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Recently, I had occasion to watch Season 1 of the Netflix series, Marco Polo. The plot is based on the 13th century Mongolian Empire. However, to an employment lawyer, it all seems like a page out of an employment law primer.

The main protagonist (read, disgruntled employee), Marco Polo, is indentured into servitude by his merchant father, who leaves Marco as “a prisoner and a guest” of the Mongolian Emperor, Kublai Khan. Though captive, Marco spends his days being trained in the arts of the sword and calligraphy by the grace of his master, the Khan.

As the story unfolds, I found myself playing a game of “Marco Polo” with my TV screen. Like children playing in a pool, every scene and plot twist challenged me (“Marco!”) to pick out the analogous workplace scenarios (“Polo!”). Here are some of the show’s do’s and don’ts that can be carried over into the workplace.

First, we meet Hundred Eyes (read Human Resource Director), Marco’s clairvoyant, blind mentor. Among Hundred Eyes’ many talents is the ability to “see” goings on in the kingdom that others might not perceive. However, he sees no race, color, national origin, sex, religion, or other protected category.

Marco often consults Hundred Eyes for advice, especially when it comes to the spoken and unspoken rules of the Empire (the Empire’s “handbook”). The show makes clear that Hundred Eyes—the competent, reliable HR Director—is clearly the foundation of an orderly and harmonious workplace, and is someone who should be able to anticipate situations and diffuse them before emotions take over. Furthermore, the relationship between Marco and Hundred Eyes demonstrates the importance of maintaining open communications with HR, in order to effectively avoid or resolve workplace issues. And remember, even the best workplace policies or employee handbooks will not be effective unless employees and managers receive regular training on how and why these policies must be followed.

As for the Khan (let’s call him the Company President), he has endeavored to immerse himself in the ways of the people whose lands he has brought under his rule. He practices tolerance and gleans wisdom from holy books of various religions across his empire. He often inquires of Marco to artfully tell stories from his travels, so that the Khan may better know his lands and people. In some ways, he can be called a benevolent dictator, though he is unmistakably a force to be reckoned with.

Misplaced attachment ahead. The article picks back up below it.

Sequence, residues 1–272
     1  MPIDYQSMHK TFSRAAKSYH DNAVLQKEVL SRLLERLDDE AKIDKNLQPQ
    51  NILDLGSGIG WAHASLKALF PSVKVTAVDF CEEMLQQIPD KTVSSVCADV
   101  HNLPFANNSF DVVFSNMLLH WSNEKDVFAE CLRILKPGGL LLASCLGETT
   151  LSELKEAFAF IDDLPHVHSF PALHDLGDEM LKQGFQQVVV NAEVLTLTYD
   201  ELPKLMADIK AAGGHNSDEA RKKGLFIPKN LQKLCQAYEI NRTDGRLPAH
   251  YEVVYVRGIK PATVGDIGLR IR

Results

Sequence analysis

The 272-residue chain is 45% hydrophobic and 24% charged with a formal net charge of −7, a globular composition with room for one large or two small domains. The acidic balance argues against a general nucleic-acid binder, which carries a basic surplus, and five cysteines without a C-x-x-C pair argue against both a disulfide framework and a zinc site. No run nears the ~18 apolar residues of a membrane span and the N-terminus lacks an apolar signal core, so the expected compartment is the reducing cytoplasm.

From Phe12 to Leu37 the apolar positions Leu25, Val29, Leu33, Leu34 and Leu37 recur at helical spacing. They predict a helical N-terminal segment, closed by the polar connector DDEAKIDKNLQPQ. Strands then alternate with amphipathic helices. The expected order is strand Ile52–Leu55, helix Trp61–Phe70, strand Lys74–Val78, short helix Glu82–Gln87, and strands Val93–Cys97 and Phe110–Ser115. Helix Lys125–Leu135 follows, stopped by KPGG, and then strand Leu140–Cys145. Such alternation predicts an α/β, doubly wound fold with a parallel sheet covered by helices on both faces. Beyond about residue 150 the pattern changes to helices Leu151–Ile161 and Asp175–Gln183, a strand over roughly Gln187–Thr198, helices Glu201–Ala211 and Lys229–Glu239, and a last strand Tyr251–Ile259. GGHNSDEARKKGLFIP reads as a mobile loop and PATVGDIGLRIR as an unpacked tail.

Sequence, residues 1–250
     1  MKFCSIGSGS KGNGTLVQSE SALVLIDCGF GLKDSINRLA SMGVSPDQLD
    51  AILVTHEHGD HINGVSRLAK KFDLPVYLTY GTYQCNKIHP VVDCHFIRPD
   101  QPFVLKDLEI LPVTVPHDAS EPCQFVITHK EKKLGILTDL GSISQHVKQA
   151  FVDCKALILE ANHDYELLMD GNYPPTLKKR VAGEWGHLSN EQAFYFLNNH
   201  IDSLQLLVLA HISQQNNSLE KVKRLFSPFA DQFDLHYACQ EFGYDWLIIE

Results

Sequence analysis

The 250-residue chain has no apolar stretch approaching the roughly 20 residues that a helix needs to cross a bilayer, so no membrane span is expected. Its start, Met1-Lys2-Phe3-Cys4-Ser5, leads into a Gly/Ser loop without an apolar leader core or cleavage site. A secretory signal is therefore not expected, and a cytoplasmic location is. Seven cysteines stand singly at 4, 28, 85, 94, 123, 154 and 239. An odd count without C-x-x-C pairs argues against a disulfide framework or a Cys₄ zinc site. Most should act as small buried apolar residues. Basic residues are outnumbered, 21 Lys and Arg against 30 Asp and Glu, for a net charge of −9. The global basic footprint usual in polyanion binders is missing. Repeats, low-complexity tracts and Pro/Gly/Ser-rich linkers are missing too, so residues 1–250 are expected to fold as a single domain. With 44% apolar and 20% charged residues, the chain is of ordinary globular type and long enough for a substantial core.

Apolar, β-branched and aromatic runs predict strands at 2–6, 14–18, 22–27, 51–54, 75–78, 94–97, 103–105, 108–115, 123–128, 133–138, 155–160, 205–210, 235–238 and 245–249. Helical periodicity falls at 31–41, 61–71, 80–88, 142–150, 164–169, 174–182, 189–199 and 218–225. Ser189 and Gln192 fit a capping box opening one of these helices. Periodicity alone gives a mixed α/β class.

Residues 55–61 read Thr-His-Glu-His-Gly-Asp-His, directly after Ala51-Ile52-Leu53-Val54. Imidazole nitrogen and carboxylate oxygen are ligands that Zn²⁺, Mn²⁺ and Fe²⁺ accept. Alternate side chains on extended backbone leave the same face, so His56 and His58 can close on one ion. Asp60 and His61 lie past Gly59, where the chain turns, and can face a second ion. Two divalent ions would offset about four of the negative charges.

Although there are many kinds of effective management styles, the saying that you catch more flies with honey than you do with vinegar ironically rings true when it comes to the Khan. Although most of his subjects are captives, the Khan affords them training in various arts, gives them a sense of purpose, and rewards their achievements. Thus, he gains their unwavering loyalty—a valuable lesson in employee relations.

However, the Khan is imperfect. He breaks one of the cardinal rules of management by failing to apply his policies uniformly. He also does not give written warnings as progressive discipline. He simply orders faithless servants to be killed (akin to workplace termination). For example, one servant is sentenced to death and trampled by a thousand horses for stealing from the Khan. (Please, don’t try this in the workplace.) However, when Marco’s father is caught stealing silk worms, he is not ordered killed. Instead, the Khan only brands and banishes him from the Kingdom (a swift “final written warning”), out of compassion for Marco.

In a workplace environment, a company’s failure to apply its policies uniformly, unless there is a legitimate reason for doing so, can give rise to a disparate treatment discrimination claim. Also remember, the punishment should fit the crime. In some cases, progressive discipline, like a warning or suspension, may be more appropriate than swift employment action, such as termination.

Just as in a typical South Florida workplace, Marco Polo episodes are full of plot twists, flared tempers (and those who lose their heads), deception and cliffhanger endings. No matter what your company’s management style, watch a few episodes for yourself, and see if you’re a pro (or Khan) at good workplace management.